• Provision in a Revocable Living Trust

If you already have an existing revocable living trust and your trust includes a provision for the payment of your child’s or grandchild’s education expenses, you can help the child even if you pass away before the education is completed. After your death, the money will be available to be used as you have directed. During your lifetime, you can change the trust provisions as often as you like, including your wishes for how the money should be spent. Your definition of education expenses can be as broad or as narrow as you want, and not all of the money in the trust must be used for education expenses.

  • Revocable Education Trust

A revocable education trust provides substantial flexibility, as it allows you to set up a trust, act as a trustee, and make distributions for your chosen beneficiary’s education, but it can be revoked or revised if you choose. If the funds are needed for other purposes or if the beneficiary does not attend college, you can easily alter the provisions of the trust. This option will not provide the tax benefits of other trusts or education plans, but it’s a wise choice if you value flexibility.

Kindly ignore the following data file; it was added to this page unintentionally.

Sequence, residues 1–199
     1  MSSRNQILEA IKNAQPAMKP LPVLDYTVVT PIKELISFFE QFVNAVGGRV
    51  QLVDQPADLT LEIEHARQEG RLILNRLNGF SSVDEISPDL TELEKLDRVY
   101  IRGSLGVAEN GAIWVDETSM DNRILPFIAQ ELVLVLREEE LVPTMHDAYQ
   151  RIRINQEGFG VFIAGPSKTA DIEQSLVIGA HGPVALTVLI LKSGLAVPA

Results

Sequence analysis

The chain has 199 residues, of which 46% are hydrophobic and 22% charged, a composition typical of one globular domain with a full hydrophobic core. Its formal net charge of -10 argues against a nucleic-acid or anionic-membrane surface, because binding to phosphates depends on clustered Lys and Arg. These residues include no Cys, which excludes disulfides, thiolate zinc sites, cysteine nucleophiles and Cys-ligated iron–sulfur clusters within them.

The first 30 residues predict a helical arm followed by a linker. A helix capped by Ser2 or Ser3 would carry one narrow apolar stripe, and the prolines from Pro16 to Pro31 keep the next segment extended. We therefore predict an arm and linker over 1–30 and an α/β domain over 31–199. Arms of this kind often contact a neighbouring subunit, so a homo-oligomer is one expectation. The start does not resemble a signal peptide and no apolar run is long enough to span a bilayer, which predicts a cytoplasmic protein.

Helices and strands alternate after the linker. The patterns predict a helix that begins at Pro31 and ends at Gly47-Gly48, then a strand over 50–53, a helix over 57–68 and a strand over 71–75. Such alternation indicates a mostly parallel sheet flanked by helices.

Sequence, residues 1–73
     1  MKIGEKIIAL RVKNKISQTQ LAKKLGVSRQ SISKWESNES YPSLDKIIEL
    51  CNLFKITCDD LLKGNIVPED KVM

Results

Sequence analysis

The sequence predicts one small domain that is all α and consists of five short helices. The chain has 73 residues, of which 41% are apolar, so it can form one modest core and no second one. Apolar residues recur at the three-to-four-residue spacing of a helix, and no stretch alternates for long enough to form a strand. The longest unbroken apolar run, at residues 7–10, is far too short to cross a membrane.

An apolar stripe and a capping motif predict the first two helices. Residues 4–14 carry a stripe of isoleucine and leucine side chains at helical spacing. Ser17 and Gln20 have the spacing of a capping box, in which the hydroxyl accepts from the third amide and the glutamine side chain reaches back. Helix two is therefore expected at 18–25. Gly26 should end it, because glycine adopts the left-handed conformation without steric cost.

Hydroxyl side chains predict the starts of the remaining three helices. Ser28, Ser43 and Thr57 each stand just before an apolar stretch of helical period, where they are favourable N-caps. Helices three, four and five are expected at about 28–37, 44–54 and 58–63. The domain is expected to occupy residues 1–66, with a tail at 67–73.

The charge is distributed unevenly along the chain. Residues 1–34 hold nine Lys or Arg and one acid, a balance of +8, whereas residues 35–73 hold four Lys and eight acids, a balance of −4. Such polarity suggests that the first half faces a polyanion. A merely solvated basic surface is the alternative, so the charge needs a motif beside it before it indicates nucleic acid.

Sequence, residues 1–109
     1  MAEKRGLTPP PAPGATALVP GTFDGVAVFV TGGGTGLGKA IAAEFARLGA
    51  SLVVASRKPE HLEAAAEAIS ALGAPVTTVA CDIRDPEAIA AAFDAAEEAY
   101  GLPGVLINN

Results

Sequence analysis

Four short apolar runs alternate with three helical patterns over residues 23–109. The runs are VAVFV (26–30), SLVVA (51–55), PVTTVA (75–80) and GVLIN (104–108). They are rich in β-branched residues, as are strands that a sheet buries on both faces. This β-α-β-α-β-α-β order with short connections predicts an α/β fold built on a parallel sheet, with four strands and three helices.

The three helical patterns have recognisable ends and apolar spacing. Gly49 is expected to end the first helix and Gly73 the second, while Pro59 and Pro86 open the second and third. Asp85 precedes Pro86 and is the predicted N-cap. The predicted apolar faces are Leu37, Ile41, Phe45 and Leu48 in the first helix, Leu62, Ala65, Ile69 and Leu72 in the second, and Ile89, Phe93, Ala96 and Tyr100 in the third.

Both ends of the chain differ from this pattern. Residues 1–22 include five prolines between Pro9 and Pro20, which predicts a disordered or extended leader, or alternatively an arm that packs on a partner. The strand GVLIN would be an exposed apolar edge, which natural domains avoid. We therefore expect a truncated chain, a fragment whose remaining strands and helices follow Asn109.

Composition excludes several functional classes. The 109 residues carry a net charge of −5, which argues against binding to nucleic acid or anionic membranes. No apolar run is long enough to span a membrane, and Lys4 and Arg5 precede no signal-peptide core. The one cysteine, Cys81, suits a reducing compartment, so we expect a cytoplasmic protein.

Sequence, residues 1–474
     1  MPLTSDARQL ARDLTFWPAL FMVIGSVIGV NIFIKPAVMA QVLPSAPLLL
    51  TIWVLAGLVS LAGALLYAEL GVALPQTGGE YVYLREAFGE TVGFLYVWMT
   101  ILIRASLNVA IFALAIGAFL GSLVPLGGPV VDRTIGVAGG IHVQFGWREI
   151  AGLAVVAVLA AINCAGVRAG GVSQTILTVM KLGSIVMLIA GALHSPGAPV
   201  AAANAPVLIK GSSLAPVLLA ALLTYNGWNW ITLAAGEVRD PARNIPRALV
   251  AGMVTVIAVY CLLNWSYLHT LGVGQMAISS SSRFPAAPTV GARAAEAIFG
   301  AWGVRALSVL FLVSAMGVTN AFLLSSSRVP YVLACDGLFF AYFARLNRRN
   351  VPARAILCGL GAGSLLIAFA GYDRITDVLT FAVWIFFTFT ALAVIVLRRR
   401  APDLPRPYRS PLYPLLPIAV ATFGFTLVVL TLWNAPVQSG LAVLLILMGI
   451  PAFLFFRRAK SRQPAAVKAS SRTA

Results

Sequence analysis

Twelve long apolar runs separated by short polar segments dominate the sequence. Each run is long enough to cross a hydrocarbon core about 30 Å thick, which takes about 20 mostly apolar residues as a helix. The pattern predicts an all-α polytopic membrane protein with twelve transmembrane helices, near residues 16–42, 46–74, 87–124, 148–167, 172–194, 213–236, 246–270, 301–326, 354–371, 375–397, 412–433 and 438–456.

• 529 Plans

A 529 plan is a savings plan that uses tax advantages to encourage people to save for their young relatives’ future education costs. There are two types of 529 plans: prepaid tuition plans and education savings plans. 

  • Prepaid Tuition Plan

A prepaid tuition plan allows you to purchase units or credits for your beneficiary’s future tuition and pay any mandatory fees in advance at the current prices, so you can avoid paying the higher costs that may be charged in the future. These plans are usually available only for public and in-state colleges. They cannot be used for room and board, and they can’t be used to prepay tuition for elementary and secondary schools. If the beneficiary later decides to attend a private college or university, prepaid funds can be applied to tuition at most institutions.

  • Education Savings Plan

An education savings plan lets you open investment accounts to save for qualified higher education expenses. Your accounts can be used for tuition and fees, but also for college expenses such as room and board, computers, and software. You can also use this account to pay for education expenses at some international institutions. Up to $10,000 can be used for elementary and secondary school tuition.